This is where a journey of faith catapulted into a journey of doubt. Slowly but surely, the threads began unraveling. Through hard and honest conversations with friends who had left the church, through hitting a wall of spiritual exhaustion and resentment, through gradually indulging curiosities in other belief systems and practices, I told God I needed a break. I wanted to wipe everything clean off my table of beliefs and see what found its way back to me. I told God that I had pursued Him my whole life. If He wanted me back, He could chase me down.
Even in the midst of that, I helped start a small church with other leaders that accepted me exactly where I was at spiritually. They trusted me as a person, not simply because they could count on my doctrine. I dated and fell in love with an atheist and at twenty-nine years old, gladly celebrated my first sexual relationship. I was vague with my family about the changes happening, but I got concerned letters and links in e-mails to Ravi Zacharias’ YouTube videos on apologetics. I had family friends tell me that my parents were concerned and then tried prying into my process. My sister broke down over the phone, confessing she didn’t feel like we could talk about deep things if I wasn’t in the same place spiritually. All these things I understood from my former position in Christendom, but from where I stood now, the pangs of others’ disappointment, pity, and assumptions hurt at every turn.
Over the past three years, my inner freedom and inner turmoil have taken turns. Sometimes they do a little dance. Sometimes they wrestle and pull hair and try to gouge each other’s eyes out. I no longer identify as a Christian but I am struggling to make sense of the deep connection I had/have with Someone/Something my whole life and honestly, can still connect to. Recently, I prayed – and I don’t really pray anymore. I had this old familiar peace fill my whole body. It’s difficult. Difficult to make sense of what it is and what it isn’t. I hesitate to engage or embrace parts of my past because I’m not sure how it might ‘rope’ me back into a mindset or worldview I can’t intellectually get behind.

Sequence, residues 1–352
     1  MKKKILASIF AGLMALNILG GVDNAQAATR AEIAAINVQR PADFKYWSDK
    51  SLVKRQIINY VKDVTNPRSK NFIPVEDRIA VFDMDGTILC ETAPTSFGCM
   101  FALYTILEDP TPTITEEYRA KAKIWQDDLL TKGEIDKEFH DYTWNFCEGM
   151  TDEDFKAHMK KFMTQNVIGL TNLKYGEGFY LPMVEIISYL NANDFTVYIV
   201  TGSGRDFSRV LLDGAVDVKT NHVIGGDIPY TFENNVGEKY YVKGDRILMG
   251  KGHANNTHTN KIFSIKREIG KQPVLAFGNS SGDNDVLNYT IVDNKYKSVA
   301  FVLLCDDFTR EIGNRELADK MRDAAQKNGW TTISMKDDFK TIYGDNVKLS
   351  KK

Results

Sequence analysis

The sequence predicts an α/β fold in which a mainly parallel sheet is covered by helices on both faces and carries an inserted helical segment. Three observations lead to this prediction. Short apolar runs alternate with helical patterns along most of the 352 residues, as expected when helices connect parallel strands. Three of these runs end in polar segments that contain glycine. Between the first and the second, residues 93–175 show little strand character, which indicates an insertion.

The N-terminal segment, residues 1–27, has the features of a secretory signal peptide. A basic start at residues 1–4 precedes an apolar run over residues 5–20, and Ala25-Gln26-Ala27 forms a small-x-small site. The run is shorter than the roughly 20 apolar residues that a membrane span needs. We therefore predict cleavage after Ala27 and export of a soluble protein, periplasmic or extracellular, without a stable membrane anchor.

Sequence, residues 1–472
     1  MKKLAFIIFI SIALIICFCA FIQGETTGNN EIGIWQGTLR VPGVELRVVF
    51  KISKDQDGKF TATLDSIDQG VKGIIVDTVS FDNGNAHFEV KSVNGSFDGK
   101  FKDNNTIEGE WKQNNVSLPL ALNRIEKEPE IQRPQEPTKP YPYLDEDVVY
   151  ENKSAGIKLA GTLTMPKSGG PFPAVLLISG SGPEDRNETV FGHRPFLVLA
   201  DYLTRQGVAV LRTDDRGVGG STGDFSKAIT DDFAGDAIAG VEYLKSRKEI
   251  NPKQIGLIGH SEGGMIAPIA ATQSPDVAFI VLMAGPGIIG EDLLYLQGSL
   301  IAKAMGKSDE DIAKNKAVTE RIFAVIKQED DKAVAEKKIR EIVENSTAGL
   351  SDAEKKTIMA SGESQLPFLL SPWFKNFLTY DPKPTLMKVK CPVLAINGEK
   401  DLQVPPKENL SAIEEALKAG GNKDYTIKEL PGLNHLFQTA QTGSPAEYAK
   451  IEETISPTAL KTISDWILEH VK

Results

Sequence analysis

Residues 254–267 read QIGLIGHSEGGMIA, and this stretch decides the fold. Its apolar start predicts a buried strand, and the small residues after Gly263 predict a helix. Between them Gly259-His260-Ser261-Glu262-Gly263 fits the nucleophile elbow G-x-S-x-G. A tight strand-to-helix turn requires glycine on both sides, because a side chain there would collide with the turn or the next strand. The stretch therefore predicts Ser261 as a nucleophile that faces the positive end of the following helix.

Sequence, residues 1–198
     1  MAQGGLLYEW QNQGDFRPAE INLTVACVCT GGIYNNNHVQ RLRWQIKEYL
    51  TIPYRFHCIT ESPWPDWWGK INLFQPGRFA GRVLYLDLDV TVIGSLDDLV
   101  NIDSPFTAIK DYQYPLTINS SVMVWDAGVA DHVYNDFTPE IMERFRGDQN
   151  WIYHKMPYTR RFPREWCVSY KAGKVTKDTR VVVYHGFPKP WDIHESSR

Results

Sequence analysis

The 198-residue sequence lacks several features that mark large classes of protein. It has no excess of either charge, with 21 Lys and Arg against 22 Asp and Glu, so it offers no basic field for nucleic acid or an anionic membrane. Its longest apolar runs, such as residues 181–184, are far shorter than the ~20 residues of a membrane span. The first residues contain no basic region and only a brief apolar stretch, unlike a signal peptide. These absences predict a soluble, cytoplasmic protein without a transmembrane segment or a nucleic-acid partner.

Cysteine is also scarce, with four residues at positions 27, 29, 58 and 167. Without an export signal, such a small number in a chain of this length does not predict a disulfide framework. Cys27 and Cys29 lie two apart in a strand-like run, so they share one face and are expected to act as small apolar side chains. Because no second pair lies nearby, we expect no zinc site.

I do miss the days of ‘knowing.’ I would like to know something spiritually again. I would like it to make sense. I believe in a few things like beauty, love, compassion, and justice – but I miss an overarching narrative along with it. Doubt is healthy, exciting, and it’s also disorienting. All of the time, I feel raw and cut open with little to sew me up. No clear remedy or answer has stepped forward to meet me. So I take comfort that others are also wrestling and questioning and maybe staying open to uncomfortable realities – be that atheism or spirituality or something in between. It’s a beautifully brave tension to hold.
Sue Fluger can be found at her blog, Pondering of a Pixie.